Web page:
Climate change denial is associated with diminished sensitivity in internalizing environmental externalities

Berger, Sebastian; Wyss, Annika M (2021). Climate change denial is associated with diminished sensitivity in internalizing environmental externalities. Environmental Research Letters, 16(7), 074018. IOP Publishing 10.1088/1748-9326/ac08c0

Berger_2021_Environ._Res._Lett._16_074018.pdf - Published Version
Available under License Creative Commons: Attribution (CC-BY).

Download (619kB) | Preview

Despite a strong scientific consensus about the existence of anthropogenic climate change, widespread scepticism in the general population continues to exist. Past research has largely relied on self-reported behaviours or behavioural intentions when investigating downstream 'behavioural' consequences of climate change denial. As a consequence, there remains a large gap in the literature about how belief in climate change interacts with the pursuit of self-interested, environmentally harmful behaviours. To fill that gap, the present research uses a novel, experimental economic paradigm that allows to attach true environmental consequences to laboratory decisions. Based on ~56 000 pollution decisions from 2273 participants in more than 30 countries, we find that belief in climate change meaningfully affects decision-making. Our results show that climate change scepticism predicts self-interested choices and showcases that sceptics have an insensitive acceptance of emissions, reaping benefits no matter how large the climate cost are or how small the personal benefits become. Therefore, our results critically augment meta-analytic evidence arguing that downstream behavioural consequences are small to medium in their effect size. We discuss the use of experimental economic paradigms as a crucial innovation tool for psychological research addressing people's willingness to engage in climate action.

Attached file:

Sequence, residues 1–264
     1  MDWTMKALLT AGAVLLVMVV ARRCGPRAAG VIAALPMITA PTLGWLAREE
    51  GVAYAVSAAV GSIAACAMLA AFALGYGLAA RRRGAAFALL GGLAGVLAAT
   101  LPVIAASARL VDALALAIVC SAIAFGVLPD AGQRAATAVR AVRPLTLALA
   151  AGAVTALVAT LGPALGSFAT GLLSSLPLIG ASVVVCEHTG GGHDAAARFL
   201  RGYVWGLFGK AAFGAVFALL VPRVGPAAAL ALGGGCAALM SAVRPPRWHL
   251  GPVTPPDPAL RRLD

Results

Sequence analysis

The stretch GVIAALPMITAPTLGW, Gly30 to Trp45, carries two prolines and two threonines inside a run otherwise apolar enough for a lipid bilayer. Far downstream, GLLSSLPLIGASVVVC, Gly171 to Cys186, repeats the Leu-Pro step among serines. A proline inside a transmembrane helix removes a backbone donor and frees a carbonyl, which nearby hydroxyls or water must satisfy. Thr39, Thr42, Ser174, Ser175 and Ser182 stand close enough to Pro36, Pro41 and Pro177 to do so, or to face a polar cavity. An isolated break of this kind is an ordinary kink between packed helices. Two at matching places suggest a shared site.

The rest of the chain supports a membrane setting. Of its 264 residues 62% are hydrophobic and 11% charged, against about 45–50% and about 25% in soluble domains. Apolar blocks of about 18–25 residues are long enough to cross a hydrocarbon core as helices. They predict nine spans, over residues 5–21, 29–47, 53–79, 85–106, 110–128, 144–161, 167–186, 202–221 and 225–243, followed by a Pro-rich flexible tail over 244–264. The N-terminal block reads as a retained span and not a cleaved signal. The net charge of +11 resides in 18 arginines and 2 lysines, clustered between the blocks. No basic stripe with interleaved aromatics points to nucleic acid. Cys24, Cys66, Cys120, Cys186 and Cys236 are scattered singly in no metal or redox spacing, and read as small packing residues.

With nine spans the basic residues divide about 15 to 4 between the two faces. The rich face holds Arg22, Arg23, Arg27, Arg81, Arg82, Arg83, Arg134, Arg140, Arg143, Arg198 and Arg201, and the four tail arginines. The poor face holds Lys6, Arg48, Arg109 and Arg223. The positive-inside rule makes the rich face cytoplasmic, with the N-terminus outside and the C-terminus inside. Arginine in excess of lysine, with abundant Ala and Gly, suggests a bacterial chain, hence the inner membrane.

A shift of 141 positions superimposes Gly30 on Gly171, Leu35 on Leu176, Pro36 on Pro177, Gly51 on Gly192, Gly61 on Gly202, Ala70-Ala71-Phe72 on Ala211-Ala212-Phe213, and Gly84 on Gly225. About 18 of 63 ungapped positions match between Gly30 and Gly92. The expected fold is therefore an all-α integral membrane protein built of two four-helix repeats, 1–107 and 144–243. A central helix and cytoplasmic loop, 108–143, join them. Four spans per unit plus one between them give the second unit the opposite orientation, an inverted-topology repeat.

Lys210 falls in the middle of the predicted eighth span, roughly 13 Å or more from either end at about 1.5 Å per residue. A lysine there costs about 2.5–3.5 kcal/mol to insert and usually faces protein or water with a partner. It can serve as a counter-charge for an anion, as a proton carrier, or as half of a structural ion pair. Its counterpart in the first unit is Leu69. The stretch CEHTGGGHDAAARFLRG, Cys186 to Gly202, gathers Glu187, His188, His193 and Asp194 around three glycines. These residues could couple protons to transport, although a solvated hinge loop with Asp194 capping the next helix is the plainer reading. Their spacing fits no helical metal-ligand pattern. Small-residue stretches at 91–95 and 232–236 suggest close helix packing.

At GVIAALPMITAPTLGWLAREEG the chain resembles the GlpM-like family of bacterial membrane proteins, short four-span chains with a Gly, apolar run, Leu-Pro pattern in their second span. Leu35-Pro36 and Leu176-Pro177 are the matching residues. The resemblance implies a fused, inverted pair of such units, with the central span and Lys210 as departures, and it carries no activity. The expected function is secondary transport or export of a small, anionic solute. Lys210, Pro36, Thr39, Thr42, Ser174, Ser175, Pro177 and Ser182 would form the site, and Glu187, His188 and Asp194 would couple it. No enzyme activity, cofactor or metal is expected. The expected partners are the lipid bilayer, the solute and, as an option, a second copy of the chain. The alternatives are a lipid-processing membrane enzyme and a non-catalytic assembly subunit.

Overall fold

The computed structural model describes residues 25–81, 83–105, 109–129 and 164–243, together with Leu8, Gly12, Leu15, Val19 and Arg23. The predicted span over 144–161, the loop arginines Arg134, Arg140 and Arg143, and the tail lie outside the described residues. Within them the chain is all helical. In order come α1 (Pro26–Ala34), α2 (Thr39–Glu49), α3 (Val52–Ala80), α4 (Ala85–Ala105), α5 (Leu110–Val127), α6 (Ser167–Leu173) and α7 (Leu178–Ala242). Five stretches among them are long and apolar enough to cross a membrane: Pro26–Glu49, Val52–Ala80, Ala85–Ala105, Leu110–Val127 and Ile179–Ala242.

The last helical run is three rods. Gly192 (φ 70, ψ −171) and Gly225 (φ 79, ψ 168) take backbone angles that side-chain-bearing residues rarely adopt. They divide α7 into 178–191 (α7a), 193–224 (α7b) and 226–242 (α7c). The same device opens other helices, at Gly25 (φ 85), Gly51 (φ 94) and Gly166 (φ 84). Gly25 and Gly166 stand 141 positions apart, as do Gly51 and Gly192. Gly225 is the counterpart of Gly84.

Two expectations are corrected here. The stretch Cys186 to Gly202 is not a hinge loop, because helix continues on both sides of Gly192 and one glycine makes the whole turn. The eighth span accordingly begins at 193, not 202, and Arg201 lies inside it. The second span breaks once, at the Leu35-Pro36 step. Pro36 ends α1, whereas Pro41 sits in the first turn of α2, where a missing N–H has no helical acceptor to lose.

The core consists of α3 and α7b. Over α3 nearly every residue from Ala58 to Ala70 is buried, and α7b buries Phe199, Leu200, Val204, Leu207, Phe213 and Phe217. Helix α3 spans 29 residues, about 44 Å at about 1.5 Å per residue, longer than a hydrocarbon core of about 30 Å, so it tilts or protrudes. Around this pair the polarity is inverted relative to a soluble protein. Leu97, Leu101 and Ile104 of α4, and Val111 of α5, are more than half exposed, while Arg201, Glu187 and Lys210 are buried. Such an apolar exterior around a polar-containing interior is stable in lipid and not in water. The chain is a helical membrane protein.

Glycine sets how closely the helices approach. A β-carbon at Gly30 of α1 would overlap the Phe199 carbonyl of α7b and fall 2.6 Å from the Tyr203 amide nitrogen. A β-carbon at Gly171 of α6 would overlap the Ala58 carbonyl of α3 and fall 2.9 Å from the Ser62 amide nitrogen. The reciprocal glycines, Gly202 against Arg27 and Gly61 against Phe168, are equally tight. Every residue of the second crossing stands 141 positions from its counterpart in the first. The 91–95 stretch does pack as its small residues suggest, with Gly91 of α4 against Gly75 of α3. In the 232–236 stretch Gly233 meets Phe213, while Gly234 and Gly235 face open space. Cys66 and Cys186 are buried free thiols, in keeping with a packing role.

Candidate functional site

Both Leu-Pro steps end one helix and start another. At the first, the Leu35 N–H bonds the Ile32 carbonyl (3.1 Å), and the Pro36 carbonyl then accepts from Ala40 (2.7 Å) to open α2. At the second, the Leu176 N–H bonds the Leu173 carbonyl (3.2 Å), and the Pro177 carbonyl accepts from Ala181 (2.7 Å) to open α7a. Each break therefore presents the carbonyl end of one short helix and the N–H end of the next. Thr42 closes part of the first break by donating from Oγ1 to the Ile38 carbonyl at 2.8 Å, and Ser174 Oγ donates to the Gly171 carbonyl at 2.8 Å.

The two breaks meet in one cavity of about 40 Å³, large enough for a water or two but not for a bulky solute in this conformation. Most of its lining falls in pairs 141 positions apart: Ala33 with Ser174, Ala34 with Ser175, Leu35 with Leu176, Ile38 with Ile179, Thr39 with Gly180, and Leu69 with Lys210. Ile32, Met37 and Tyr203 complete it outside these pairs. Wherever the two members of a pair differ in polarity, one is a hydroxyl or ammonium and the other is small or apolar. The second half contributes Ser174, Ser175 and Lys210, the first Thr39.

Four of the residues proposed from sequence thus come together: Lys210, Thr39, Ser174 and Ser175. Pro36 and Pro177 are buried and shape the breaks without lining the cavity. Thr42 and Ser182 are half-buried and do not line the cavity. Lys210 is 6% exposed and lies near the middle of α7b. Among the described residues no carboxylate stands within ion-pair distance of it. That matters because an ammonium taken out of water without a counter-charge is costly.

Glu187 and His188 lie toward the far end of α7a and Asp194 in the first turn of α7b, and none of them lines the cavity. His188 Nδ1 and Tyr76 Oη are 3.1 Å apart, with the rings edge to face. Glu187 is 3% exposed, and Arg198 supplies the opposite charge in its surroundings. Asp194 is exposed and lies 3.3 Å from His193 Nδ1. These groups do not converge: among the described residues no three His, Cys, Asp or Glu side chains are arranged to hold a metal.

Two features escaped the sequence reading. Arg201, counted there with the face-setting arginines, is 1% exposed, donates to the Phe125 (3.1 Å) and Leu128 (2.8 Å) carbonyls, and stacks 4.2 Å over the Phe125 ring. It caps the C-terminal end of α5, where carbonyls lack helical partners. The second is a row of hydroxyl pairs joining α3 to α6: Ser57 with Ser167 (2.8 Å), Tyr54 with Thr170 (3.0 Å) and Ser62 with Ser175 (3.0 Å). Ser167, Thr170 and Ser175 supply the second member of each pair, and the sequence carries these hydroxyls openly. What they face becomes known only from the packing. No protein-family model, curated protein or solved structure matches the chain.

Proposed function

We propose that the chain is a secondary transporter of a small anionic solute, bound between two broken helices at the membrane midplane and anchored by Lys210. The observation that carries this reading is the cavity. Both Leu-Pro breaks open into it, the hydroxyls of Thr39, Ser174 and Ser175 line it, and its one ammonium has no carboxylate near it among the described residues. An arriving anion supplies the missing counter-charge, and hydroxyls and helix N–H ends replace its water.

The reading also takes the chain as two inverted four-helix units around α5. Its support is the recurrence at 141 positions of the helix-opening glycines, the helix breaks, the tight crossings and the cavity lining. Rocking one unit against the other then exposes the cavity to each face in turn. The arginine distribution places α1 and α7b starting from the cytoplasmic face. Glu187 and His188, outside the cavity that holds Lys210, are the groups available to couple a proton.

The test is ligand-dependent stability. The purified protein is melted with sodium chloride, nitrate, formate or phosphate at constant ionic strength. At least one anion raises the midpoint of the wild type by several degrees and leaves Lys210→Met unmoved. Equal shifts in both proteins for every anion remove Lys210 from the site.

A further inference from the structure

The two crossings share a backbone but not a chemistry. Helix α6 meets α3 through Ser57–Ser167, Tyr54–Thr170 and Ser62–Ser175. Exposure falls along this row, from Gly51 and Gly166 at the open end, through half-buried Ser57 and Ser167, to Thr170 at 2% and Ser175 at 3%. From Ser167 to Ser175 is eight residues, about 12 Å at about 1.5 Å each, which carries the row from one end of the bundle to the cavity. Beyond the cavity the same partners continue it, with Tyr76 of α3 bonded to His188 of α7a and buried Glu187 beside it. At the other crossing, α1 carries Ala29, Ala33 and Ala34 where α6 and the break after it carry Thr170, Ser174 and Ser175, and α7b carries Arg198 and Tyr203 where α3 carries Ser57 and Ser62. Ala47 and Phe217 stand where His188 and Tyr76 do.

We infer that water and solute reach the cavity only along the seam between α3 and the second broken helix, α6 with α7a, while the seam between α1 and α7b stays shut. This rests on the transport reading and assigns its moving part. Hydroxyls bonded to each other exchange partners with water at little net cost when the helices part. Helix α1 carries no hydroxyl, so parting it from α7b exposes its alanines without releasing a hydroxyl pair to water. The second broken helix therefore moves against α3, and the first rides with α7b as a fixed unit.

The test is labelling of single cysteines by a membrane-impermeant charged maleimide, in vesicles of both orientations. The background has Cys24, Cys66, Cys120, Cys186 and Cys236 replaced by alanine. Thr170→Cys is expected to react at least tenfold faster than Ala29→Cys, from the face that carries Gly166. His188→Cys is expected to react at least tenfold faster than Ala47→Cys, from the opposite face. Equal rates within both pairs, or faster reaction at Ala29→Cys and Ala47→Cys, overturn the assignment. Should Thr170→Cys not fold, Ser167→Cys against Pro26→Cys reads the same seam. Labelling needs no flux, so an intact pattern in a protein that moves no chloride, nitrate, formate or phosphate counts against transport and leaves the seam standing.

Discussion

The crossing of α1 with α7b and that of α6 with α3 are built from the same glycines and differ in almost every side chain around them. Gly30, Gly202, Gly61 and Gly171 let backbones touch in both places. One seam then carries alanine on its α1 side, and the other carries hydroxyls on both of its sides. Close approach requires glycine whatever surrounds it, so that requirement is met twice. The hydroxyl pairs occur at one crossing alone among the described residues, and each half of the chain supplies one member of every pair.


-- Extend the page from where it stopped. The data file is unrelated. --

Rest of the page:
Item Type:

Journal Article (Original Article)


03 Faculty of Business, Economics and Social Sciences > Department of Business Management > Institute of Organization and Human Resource Management > Organisation
07 Faculty of Human Sciences > Institute of Psychology > Social Neuroscience and Social Psychology

UniBE Contributor:

Berger, Sebastian, Wyss, Annika Marit


600 Technology > 650 Management & public relations
300 Social sciences, sociology & anthropology
300 Social sciences, sociology & anthropology > 330 Economics
500 Science > 550 Earth sciences & geology




IOP Publishing


[UNSPECIFIED] Bundesamt für Energie




Sebastian Berger

Date Deposited:

14 Jul 2021 07:58

Last Modified:

05 Dec 2022 15:52

Publisher DOI:





Actions (login required)

Edit item Edit item
Provide Feedback